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Parents, teachers cry foul over Verizon fee hike for popular education app
Jonathan Weiss/Shutterstock (Licensed)
Company claims it’s cracking down on spam, critics say it’s prioritizing profits over people.
Parents and teachers are in an uproar about a fee increase Verizon is planning for the popular education app Remind. In addition to texting, the app is a means of sharing files, assignments, instructions, and notes. Users opt into a group, such as a class or extracurricular activity, which allows them to communicate directly without exchanging phone numbers, a feature that makes it especially popular with parents and teachers alike.
But all that may change for Verizon customers who use Remind on Jan. 28, when the fees are set to go into effect. Remind said the change would affect users who have the free version and use it to communicate via text.
At least one Canadian company charges a similar fee. No other United States carriers have announced plans for one.
If the fees are enacted, Remind intends to discontinue providing free text messaging services to Verizon customers. Email and in-app communications will continue to work, and premium subscribers would be unaffected as Remind has said it will absorb the additional costs.
“The fee will increase our cost of supporting text messaging to at least 11 times our current cost—forcing us to end free Remind text messaging for the more than 7 million students, parents, and educators who have Verizon Wireless as their carrier,” Remind said in a statement, after noting that it has “always” paid for texts sent on its platform.
Verizon claims that the fee is necessary to fund spam-blocking services.
The fee increase follows a Federal Communications Commission decision last month to classify text messaging as an information service, rather than a telecommunications service, Ars Technica reported. The FCC’s decision was criticized by consumer advocates who said that the classification would allow carriers to interfere with non-spam communications in order to extract money from users. Critics also noted that the FCC’s justification for the decision—that it was necessary to allow carriers to block spam and robocalls—was essentially a misnomer, as carriers already have that authorization.
Technically, the fee is being charged to Twilio, the company that Remind uses to send text messages—1.6 billion per year, Verizon told Ars Technica. Twilio is passing the fee along to Remind.
The news did not land well with parents and educators, who answered Remind’s call to protest the increase under #ReverseTheFee.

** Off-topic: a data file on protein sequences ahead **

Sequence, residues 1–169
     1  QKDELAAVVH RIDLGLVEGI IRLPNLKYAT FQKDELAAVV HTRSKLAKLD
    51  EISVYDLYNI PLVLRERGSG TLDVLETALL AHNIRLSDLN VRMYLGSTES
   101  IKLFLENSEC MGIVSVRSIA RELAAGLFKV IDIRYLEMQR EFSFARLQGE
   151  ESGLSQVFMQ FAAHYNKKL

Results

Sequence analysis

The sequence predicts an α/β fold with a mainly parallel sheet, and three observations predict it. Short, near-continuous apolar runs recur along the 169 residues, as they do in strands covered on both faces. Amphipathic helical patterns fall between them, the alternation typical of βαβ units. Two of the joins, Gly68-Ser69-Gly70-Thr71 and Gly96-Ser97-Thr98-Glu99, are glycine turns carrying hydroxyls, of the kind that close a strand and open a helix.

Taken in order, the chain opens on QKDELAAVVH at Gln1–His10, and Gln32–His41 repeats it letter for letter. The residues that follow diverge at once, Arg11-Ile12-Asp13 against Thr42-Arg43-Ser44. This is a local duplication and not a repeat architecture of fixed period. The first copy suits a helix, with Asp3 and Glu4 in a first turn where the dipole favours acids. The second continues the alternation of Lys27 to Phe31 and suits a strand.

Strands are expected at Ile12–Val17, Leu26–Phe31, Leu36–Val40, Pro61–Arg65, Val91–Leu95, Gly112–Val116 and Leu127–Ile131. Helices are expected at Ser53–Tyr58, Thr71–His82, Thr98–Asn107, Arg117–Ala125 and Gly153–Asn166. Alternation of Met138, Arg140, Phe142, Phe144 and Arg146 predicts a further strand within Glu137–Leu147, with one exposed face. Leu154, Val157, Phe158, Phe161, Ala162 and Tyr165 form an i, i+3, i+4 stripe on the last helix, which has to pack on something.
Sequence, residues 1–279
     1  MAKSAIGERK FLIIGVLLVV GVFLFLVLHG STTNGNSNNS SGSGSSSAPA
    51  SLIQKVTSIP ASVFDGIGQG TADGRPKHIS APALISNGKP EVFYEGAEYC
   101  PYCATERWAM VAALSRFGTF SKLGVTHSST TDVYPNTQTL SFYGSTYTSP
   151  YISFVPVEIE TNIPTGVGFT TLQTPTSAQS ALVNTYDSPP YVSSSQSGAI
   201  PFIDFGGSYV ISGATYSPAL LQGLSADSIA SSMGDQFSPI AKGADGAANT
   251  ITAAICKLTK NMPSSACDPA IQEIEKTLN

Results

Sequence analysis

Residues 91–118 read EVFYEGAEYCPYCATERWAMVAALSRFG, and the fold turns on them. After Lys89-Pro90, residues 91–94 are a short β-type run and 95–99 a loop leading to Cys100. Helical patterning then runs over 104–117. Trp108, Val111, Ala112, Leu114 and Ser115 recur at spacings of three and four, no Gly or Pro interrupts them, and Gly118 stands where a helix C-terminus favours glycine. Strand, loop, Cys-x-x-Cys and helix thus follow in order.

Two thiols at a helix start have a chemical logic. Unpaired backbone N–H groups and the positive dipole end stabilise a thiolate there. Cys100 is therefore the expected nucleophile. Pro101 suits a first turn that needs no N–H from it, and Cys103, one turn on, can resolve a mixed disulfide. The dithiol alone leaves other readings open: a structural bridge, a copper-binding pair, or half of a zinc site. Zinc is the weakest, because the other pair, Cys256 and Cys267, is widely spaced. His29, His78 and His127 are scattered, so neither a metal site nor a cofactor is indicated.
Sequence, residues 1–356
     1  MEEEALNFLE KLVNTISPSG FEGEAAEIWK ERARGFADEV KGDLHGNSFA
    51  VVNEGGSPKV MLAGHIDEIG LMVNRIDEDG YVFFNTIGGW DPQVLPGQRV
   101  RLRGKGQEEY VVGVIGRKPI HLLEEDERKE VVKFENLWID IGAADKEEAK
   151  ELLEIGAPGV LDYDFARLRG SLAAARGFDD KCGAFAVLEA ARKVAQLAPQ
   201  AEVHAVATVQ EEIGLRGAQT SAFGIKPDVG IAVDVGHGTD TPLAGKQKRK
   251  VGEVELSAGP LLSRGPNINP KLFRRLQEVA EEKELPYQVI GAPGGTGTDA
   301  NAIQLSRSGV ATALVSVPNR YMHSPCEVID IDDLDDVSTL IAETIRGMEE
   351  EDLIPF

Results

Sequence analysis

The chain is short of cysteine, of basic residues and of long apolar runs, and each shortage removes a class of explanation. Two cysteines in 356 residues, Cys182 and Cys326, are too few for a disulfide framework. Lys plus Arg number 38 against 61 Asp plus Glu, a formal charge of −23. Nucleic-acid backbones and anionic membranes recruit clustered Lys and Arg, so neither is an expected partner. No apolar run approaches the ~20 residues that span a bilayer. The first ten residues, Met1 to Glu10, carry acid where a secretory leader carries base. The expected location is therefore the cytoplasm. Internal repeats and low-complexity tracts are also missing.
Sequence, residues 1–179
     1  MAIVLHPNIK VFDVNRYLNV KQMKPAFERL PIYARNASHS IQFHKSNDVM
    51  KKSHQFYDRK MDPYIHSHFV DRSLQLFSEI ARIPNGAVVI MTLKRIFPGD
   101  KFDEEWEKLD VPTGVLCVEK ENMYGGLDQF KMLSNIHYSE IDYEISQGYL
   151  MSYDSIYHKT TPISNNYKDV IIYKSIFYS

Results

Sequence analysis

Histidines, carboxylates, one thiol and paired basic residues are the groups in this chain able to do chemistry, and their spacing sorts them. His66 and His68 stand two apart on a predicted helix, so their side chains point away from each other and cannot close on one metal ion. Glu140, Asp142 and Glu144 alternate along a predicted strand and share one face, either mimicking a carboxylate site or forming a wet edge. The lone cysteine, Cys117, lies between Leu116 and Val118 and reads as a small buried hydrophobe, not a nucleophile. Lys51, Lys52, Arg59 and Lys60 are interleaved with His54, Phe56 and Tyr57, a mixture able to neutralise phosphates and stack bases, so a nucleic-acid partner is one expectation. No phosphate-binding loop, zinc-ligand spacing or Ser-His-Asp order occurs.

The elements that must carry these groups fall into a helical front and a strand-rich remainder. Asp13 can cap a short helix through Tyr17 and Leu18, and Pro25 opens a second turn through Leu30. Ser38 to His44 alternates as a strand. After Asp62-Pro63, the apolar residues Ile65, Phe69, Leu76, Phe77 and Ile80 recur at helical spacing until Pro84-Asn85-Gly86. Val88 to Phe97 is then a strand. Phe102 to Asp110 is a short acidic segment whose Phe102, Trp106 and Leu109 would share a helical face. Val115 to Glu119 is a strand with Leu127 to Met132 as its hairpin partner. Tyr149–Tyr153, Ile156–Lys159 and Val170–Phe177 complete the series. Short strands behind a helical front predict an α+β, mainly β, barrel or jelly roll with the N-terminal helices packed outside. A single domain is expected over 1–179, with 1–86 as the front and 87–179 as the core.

#Teachers, parents, and students need to know about this and take action. @verizon is implementing a new fee that will make impossible for @RemindHQ to send reminders via text messaging! #ReverseTheFee! Communication is so vital in education. Please RT to help share this message. pic.twitter.com/NKJi8xMcuC— C. Mirus (A Teacher's Teacher) (@ATeachersTeach) January 14, 2019
What’s up with @verizon needing more money from @RemindHQ texts between Teachers and their students? Shouldn’t we be about using technology to make things better without always trying to scrounge every 💰? Aren’t we better than that? #ReverseTheFee— Patrick (@PatrickFraleyg) January 14, 2019
Ridiculous that @verizon is charging @RemindHQ a “spam” fee for their free messaging service.— Stephanie Henkel (@MrsHenkelGKHS) January 14, 2019
I am a educator & use this essential tool for communication. By receiving messages as text messages rather than the app means quicker response time to my students! #reversethefee
Not just reminders/updates... one time I used it for SAFETY!!! My sch was closing early. One text notified all my parents. By the time I physically phoned them, they were arriving in parking lot & taking their kid home safely, missing the huge blizzard coming thru! #ReverseTheFee https://t.co/DGxnhcgqeW— MsField (@dianamichlynn) January 8, 2019
Ars Technica noted that the companies’ responses to the situation seem to indicate that negotiations are ongoing.
Claire Goforth is a Jacksonville, Florida-based journalist covering politics, culture, justice, and unicorns. Her work has appeared in publications ranging from regional alt-weeklies to Al Jazeera.